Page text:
South Atlantic Fishery Management Council

Program Development

The Citizen Science Program was created between 2015 and 2018 using a deliberative and iterative process involving a host of stakeholders and partners. Check out the timeline below to learn more about how the program was developed. 


March 2015: The Council created a Citizen Science Organizing Committee. As a first step towards building a program, the committee began planning for a workshop where interested fishermen, scientists, managers, and citizen science practitioners would gather to discuss recommendations for designing such a program. 

SAFMC Citizen Science Organizing Committee 

  • Council staff: John Carmichael, Amber Von Harten, and Julia Byrd 
  • Council members: Dr. Michelle Duval (NC representative and chair), Ben Hartig (FL representative), and Mark Brown (SC representative) 
  • NMFS Southeast Fisheries Science Center: Dr. Bonnie Ponwith 
  • The Pew Charitable Trusts: Leda Cunningham 
  • Cornell Lab of Ornithology: Rick Bonney and Dr. Jennifer Shirk 


January 2016: Citizen Science Program Design Workshop – The committee organized and held the Citizen Science Program Design Workshop on January 19-21, 2016 in Charleston, SC. Over 65 invited participants from across the South Atlantic region took part including commercial, for-hire, and private recreational fishermen; partners from each of the four state Sea Grant programs; data managers and scientists from state agencies, NOAA, and other federal agencies; and representatives of academic institutions and non-governmental organizations. 

Workshop Goals 

  • Learn about the field and applications of citizen science; 
  • Document and evaluate existing citizen science and cooperative research experiences and examples; 
  • Learn about components needed to develop a citizen science initiative. 
  • Develop objectives for the South Atlantic Fishery Citizen Science Program;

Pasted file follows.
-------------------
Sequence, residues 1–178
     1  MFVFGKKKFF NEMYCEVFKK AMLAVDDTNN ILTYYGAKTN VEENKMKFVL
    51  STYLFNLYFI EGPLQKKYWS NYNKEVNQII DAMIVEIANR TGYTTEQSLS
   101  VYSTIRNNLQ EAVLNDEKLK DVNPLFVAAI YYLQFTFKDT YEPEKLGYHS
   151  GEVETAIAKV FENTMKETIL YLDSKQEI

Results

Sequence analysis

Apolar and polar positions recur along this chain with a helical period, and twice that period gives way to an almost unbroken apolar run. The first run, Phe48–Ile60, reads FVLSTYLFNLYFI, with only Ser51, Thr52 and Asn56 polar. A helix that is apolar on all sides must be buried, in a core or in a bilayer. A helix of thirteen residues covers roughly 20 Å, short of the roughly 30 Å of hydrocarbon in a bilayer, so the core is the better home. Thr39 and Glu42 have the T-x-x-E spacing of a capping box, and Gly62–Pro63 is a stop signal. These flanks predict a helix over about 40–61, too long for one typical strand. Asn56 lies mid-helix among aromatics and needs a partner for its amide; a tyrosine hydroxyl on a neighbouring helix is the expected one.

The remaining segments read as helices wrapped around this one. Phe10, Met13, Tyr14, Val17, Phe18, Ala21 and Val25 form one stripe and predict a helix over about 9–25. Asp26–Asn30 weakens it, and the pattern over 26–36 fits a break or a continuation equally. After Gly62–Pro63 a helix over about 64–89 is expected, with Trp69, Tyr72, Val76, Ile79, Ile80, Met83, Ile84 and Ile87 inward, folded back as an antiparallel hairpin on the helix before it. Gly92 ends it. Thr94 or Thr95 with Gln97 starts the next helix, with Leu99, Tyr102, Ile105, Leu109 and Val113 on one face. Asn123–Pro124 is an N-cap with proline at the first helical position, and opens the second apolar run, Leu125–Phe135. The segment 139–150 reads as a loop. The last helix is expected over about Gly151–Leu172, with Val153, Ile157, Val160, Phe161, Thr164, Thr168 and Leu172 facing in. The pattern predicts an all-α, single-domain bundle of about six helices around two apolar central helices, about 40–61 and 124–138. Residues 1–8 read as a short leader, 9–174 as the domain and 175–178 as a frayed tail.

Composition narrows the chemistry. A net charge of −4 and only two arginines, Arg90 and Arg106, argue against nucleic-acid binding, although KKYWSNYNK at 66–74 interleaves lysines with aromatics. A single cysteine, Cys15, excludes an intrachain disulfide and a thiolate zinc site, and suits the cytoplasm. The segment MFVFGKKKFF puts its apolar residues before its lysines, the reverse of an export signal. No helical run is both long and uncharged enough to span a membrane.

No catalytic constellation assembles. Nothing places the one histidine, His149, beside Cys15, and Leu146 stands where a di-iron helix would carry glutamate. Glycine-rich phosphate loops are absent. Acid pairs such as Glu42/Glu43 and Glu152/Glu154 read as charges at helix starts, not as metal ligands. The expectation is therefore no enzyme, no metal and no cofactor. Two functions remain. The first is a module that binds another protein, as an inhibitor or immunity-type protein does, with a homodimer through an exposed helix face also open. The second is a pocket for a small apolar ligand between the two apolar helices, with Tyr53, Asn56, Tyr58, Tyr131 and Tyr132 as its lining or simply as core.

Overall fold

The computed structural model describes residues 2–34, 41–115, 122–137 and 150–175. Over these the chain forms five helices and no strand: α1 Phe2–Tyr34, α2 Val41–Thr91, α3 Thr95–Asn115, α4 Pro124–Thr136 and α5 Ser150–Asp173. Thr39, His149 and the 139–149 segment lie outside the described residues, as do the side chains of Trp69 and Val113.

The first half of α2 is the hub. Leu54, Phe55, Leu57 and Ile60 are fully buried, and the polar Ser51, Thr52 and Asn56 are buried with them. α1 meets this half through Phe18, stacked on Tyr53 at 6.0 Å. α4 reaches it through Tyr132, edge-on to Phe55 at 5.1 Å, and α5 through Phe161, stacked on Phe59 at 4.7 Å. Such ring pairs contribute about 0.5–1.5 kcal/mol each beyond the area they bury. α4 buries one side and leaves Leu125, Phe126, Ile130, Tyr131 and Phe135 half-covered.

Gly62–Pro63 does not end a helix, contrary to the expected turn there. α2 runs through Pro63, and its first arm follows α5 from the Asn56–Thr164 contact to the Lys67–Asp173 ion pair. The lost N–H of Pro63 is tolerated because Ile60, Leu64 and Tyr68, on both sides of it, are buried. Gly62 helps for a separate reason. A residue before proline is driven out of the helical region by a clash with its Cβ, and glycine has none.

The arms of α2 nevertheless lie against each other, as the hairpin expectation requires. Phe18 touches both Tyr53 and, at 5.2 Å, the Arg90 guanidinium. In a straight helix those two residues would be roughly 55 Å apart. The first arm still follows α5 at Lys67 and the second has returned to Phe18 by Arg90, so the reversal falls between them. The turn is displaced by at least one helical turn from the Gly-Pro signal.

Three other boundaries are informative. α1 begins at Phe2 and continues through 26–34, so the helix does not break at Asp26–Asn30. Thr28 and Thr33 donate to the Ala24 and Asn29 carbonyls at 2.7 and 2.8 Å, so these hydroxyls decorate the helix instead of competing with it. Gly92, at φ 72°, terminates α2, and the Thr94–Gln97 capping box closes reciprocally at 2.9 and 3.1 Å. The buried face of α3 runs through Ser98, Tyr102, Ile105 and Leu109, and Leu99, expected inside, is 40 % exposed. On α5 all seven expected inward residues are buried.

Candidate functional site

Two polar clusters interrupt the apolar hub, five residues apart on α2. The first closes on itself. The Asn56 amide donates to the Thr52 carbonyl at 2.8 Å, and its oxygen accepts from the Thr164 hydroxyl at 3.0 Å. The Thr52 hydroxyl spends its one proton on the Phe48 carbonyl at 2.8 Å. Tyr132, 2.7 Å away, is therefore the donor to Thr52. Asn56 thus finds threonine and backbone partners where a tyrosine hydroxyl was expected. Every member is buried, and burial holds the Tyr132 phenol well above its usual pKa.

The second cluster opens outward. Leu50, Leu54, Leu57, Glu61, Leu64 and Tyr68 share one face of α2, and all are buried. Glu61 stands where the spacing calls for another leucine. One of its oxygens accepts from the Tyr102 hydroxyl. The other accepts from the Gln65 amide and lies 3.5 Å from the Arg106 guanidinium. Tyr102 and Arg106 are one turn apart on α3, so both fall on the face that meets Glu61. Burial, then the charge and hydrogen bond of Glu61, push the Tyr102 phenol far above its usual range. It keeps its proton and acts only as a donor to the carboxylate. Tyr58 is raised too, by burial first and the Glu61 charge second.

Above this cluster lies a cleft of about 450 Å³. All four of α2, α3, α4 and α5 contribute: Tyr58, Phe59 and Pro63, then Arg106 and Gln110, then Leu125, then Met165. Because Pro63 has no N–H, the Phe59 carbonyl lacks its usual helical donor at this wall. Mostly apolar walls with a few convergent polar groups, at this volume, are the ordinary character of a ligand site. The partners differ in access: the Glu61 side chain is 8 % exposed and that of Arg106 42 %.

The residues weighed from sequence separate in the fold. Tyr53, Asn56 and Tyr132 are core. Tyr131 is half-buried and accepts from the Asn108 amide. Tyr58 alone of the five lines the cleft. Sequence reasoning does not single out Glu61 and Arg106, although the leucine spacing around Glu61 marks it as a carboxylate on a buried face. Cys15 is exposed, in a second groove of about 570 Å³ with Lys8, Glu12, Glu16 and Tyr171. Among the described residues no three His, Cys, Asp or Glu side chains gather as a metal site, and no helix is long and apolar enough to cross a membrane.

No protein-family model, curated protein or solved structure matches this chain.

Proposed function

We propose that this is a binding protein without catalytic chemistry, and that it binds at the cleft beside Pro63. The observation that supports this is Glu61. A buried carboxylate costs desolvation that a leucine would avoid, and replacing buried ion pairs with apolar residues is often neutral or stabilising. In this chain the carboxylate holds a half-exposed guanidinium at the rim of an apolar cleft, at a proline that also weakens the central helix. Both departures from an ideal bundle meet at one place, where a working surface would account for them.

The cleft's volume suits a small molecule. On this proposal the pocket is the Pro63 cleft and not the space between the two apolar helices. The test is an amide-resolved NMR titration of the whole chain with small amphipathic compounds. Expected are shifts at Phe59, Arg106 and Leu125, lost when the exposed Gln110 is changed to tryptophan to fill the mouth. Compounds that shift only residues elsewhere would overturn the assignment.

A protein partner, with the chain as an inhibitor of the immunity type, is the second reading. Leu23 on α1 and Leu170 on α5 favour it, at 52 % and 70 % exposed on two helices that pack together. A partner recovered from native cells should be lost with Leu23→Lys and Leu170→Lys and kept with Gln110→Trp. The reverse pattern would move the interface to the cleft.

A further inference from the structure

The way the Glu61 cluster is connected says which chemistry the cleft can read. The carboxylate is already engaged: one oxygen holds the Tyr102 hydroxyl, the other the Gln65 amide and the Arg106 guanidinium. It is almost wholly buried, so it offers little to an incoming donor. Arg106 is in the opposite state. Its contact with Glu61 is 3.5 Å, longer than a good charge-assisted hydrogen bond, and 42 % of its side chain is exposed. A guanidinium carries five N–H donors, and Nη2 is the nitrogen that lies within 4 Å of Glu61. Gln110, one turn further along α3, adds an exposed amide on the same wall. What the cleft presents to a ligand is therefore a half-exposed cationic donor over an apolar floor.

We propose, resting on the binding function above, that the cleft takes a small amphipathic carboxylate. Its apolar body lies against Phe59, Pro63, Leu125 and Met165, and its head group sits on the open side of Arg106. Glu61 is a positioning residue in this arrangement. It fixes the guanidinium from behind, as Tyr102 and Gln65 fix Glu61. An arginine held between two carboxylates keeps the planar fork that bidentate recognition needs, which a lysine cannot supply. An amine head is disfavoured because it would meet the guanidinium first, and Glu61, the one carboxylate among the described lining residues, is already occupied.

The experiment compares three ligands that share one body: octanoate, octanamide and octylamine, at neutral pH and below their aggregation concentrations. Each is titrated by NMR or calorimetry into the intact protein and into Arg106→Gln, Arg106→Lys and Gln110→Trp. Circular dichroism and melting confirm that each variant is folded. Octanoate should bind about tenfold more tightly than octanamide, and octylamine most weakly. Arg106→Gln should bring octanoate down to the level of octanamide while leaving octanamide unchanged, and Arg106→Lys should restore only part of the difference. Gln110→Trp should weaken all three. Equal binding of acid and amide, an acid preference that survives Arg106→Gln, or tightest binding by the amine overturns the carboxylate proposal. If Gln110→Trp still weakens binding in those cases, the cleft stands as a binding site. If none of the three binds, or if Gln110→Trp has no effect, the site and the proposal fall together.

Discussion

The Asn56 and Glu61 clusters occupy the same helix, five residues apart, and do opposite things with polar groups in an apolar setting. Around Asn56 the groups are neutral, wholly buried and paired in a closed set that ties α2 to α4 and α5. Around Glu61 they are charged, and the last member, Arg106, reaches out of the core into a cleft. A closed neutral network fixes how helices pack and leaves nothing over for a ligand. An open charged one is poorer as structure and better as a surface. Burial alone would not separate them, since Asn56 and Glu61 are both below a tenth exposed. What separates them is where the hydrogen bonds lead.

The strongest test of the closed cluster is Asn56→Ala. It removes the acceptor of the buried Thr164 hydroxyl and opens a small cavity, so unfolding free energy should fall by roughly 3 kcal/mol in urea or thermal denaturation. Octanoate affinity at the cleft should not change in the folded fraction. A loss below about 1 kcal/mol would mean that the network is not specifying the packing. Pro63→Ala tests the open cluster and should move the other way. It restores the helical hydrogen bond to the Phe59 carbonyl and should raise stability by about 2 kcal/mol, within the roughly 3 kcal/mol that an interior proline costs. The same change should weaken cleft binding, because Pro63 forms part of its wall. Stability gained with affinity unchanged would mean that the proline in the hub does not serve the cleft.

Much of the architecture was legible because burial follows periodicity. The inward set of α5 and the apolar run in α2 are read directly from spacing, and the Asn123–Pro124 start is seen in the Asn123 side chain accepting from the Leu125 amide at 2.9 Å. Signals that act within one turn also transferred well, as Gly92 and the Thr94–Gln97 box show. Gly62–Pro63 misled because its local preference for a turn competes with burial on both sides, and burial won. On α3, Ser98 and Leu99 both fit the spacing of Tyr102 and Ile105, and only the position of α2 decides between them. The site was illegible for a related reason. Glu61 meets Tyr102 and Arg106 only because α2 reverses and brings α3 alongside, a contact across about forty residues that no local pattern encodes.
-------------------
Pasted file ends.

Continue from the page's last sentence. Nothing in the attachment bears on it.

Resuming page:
• Develop recommendations for a framework for achieving program objectives, considering: 
    • Research and monitoring activities appropriate for citizen science; 
    • Funded and unfunded opportunities and avenues to support citizen science; 
    • The full range of data needs (fishery, biological, research, assess, socio-econ, etc); 
    • Potential web-based platforms; 
    • Outreach and education needs, short and long term; and 
    • Governance, including ongoing staff support, management, and oversight. 

SAFMC Citizen Science Program Blueprint 

The workshop deliverable was a ‘blueprint’ that laid out the framework for developing a citizen science program in the South Atlantic. In addition to establishing a governance structure for operations and program oversight, the plan called for developing five action teams to focus on core areas needed for program success:  

  • Volunteers 
  • Data management 
  • Projects and topics management 
  • Communication, outreach and education 
  • Finance and infrastructure 

The plan also sought to establish multiple partnerships with existing programs and agencies to mutually identify research and data needs; improve constituent knowledge, involvement, and buy-in; collect better data to address management issues; increase data gathering capacity; and help resolve long-standing data needs. 


June 2017: The Council created a Citizen Science Advisory Panel Pool. The pool is made up of members with diverse backgrounds and expertise who were interested in becoming involved in the development of the Council’s Program. To help develop program policies, the members of the AP pool were appointed to five Action Teams: 

  • Volunteers 
  • Data management 
  • Projects and topics management 
  • Communication, outreach and education 
  • Finance and infrastructure 

The Action Teams were tasked with developing program policies and recommendations related to their topical area to be reviewed and adopted by the Citizen Science Committee and the Council. 

July 2017 – May 2018: The five Citizen Science Action Teams began meeting in July 2017 with the charge of developing recommendations for the operation of the Council’s Citizen Science Program considering all facets of a program that will support, solicit, and develop fishery citizen science projects. The Council also pursued and secured funding for an initial citizen science pilot project to test the programmatic framework developed by the Action Teams. 

June 2018: The Council appointed a Citizen Science Operation Committee made up of members of the Action Teams and agency partners to draft Standard Operating Policies and Procedures (SOPPs) for the Citizen Science Program. 

December 2018: The Council reviewed and adopted the SOPPs.